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Silence is Worth a Thousand Words

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The right to remain silent is one of the oldest and most powerful rights given to every citizen of the United States who could be facing potential criminal liability. This right means that, at any time, you have the absolute right not to talk to law enforcement. This silence is worth a thousand words.

“But I’ll look guilty!” most people might say. Even if an officer thinks you’re guilty remaining silent will almost always give law enforcement less ammunition to use against you. This, in turn, will help protect you if serious charges come down the road later. For example, if you tell a law enforcement officer “I did it” that officer will, without hesitation, arrest you for “doing it.” Then, that officer will go into court and testify that you said: “I did it.” However, if you tell the officer that you are asserting your “right to remain silent” instead of saying “I did it” this scenario will likely be different: you may still get arrested but, later in court, that officer cannot testify that you said: “I did it.” In fact, if you tell an officer that you’d like to assert your “right to remain silent” that officer likely can’t even testify that you refused to talk to him or her.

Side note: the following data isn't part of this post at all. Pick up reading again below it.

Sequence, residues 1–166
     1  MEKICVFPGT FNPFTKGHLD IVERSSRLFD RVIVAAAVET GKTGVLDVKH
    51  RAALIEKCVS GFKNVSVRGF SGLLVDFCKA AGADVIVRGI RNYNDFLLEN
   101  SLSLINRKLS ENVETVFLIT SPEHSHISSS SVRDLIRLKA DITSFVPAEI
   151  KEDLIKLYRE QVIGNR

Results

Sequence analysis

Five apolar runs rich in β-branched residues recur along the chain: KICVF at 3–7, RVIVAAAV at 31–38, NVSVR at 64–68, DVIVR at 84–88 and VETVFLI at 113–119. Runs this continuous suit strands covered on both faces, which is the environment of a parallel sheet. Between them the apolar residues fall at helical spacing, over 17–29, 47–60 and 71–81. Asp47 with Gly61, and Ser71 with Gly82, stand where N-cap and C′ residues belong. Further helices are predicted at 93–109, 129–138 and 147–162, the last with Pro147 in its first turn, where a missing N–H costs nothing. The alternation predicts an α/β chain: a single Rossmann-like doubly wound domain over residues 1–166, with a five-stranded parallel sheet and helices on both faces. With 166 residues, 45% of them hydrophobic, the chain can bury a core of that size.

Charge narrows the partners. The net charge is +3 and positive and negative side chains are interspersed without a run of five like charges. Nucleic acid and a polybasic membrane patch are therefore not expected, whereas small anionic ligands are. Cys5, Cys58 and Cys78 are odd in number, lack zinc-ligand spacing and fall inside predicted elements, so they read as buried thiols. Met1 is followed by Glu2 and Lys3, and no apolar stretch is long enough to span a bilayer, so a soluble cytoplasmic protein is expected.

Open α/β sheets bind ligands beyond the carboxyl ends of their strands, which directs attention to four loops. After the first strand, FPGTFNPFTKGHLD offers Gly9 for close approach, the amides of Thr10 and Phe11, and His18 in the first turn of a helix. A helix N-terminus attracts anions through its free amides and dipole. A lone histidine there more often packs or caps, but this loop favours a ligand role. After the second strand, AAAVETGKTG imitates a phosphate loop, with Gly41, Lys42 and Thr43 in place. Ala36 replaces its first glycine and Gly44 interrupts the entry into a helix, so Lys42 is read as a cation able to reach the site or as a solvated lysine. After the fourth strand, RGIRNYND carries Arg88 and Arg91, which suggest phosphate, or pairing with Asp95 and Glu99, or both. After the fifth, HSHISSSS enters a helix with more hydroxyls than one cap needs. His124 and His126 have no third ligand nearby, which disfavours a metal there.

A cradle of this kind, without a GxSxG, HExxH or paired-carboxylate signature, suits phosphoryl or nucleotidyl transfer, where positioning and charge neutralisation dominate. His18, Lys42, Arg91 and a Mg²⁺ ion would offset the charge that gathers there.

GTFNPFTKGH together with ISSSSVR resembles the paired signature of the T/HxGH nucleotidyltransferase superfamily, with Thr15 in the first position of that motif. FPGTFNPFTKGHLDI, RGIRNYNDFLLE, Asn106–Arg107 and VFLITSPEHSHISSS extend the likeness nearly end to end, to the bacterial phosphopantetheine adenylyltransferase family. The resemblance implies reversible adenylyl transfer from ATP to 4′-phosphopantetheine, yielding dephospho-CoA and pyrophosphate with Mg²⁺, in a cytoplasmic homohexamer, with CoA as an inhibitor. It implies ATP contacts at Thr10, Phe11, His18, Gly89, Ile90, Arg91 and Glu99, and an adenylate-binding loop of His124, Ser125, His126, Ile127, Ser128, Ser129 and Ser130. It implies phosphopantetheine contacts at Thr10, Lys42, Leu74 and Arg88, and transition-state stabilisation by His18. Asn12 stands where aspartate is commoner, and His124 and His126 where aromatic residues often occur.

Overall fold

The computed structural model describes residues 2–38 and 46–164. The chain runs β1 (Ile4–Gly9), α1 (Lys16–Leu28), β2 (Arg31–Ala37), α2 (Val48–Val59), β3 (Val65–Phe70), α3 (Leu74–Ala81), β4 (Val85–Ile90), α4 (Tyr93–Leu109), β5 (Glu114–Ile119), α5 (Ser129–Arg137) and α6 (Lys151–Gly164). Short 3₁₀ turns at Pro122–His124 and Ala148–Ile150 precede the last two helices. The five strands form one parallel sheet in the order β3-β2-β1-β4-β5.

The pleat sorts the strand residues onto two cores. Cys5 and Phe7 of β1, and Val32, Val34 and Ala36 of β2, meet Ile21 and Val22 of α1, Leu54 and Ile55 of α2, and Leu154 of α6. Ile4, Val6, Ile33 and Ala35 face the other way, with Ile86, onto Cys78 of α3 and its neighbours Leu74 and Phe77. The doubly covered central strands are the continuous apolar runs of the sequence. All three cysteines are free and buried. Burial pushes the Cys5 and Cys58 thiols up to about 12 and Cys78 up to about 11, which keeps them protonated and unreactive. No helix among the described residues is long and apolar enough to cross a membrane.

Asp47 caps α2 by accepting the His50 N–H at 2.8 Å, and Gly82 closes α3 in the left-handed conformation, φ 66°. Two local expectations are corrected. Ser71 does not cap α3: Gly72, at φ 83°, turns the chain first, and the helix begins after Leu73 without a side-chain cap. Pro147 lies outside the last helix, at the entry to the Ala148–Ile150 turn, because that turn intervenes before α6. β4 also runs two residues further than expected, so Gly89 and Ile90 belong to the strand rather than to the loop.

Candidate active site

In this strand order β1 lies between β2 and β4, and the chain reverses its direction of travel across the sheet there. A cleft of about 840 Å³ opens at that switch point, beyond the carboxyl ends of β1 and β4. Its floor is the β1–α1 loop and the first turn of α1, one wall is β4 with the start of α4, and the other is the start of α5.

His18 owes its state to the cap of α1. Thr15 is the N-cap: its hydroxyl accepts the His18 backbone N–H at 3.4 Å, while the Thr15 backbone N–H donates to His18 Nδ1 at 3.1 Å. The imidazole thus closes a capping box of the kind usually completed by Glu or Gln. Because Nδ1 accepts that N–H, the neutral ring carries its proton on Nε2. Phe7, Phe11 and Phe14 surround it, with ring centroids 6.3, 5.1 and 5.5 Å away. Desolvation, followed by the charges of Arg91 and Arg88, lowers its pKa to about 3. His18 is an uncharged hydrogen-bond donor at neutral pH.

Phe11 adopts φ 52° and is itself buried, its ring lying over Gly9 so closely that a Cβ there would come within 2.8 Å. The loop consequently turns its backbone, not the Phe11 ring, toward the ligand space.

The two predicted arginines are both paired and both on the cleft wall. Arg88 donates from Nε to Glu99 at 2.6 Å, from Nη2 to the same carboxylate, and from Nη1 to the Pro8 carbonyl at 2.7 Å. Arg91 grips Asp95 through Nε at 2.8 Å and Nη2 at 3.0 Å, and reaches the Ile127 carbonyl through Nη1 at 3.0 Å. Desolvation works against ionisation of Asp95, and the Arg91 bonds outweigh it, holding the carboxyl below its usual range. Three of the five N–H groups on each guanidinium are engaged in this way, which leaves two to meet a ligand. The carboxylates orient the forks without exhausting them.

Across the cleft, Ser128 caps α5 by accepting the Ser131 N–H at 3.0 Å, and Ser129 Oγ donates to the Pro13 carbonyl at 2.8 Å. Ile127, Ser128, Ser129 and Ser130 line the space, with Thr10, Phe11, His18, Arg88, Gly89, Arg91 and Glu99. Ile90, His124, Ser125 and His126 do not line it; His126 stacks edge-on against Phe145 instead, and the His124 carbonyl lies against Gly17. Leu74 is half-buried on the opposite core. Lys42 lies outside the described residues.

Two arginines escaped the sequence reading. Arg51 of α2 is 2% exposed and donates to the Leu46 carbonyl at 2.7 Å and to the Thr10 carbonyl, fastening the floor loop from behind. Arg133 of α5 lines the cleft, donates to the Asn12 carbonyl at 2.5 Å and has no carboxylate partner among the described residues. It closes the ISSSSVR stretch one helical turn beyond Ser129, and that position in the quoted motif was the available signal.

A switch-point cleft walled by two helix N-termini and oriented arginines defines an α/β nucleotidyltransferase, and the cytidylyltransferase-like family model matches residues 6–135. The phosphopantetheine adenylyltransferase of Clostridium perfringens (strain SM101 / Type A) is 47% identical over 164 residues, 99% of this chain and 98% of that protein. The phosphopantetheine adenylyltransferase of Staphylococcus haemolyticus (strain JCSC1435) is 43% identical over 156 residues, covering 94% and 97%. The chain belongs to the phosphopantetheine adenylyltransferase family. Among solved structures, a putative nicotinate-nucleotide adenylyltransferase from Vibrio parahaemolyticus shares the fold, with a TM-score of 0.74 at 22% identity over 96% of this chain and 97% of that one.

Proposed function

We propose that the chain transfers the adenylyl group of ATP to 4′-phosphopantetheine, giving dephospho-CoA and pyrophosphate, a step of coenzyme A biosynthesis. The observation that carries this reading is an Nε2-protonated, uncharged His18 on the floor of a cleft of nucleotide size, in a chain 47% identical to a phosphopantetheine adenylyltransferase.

Another common response to the right to remain silent is: “I’m not stupid … I’ll talk them in circles.” Even if you can, this is almost always not your best option. Everyone knows the part of Miranda warnings that say “… anything you say can and will be used against you …” This is because law enforcement can and will use anything you say against you! It doesn’t matter what you say: it will be shown to a judge or jury so that a prosecutor six months or a year later can send you to jail or prison.

This is not to say that you can’t be found guilty if you assert your right to remain silent. Only that if stay silent the prosecution will usually have less ammunition to work with. So if you ever hear the words: “You have the right to remain silent …” Carefully consider exercising it. Or better yet, assert your right and then contact one of our skilled Bay Area Criminal Defense Attorneys so we can help you figure out whether talking to law enforcement is in your best interest.

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